george bush and michael dukakis. u.s. senate candidates martin heinrich and heather wilson square off in their third debate and one of the closest of the country. this race was rated as leaning democratic. we picked this up right after the opening statements. this is at -- this is about an hour. >> we will go ahead and get started with the questions, but first i will introduce our panelists. our first one to the right is the friend is managing editor. next to him is a deputy director of new mexico. to the left is kfox night anchor. we have a lot of experience on that side of the table. walt will lead with the first question. >> heather wilson wrote that the affordable health care act is unconstitutional because of the individual mandate. it should be repealed or replace. meanwhile, martin heinrich voted for the bill. if it were eliminated, what would the replacement be? if kept, what changes if any should be made? >> i think is so important to understand why it should be repealed and replaced. the health care act was a mistake. is already costing jobs in the state of new mexico. peopl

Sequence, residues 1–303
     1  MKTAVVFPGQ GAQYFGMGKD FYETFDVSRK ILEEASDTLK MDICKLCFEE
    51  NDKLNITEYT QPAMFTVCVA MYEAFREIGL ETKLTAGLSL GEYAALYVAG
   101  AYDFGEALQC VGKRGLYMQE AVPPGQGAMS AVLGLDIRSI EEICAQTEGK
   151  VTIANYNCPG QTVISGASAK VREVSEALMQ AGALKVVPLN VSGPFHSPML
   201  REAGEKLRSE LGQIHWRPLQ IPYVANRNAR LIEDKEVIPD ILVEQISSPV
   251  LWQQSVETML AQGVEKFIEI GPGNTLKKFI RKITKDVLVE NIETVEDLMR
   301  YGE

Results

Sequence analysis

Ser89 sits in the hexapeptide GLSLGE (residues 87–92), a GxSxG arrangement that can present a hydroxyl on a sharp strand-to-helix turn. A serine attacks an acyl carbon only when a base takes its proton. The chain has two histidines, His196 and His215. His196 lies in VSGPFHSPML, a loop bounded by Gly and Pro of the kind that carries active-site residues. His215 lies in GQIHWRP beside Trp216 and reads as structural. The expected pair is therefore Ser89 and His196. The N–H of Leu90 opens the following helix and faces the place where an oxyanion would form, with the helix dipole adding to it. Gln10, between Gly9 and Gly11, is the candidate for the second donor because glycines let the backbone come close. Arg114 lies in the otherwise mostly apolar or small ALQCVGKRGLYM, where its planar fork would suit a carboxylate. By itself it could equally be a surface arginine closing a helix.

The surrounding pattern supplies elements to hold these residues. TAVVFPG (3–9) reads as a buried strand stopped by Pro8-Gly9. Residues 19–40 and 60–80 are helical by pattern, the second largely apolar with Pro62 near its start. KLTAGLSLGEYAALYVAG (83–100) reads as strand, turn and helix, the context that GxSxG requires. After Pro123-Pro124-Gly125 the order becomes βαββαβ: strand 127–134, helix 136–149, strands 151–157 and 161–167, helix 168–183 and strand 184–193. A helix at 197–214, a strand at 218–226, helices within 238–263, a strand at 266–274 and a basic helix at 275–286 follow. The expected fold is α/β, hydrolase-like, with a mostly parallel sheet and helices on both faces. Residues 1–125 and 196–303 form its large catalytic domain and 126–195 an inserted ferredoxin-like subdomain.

and it all worked out. people bought computers but they could not use them. they could not make the software. so we would sell the whole thing. hardware, software, we operated 24 hours a day, seven days a week. that went over the world and the whistle that to general motors -- and then we sold that to general motors. then i started a new company that was very successful also. it is now a part of dell. >> are the presidential campaigns the most surprising part of your life when you look back? >> it was a tough experience. >> you can say i see what i did what i did in terms of my public education, my military service and business career but what made me decide to run for president? >> this was not that rational but that was something i stuck with. if you do not have a well educated population, it is even less rational. if we can get back to a really educated population, people will do a much better time -- will do it much better. >> if we had a perot , would things be different? >> i would have made an effort. i would promise to that. i would deal with the two parties day in and day out. once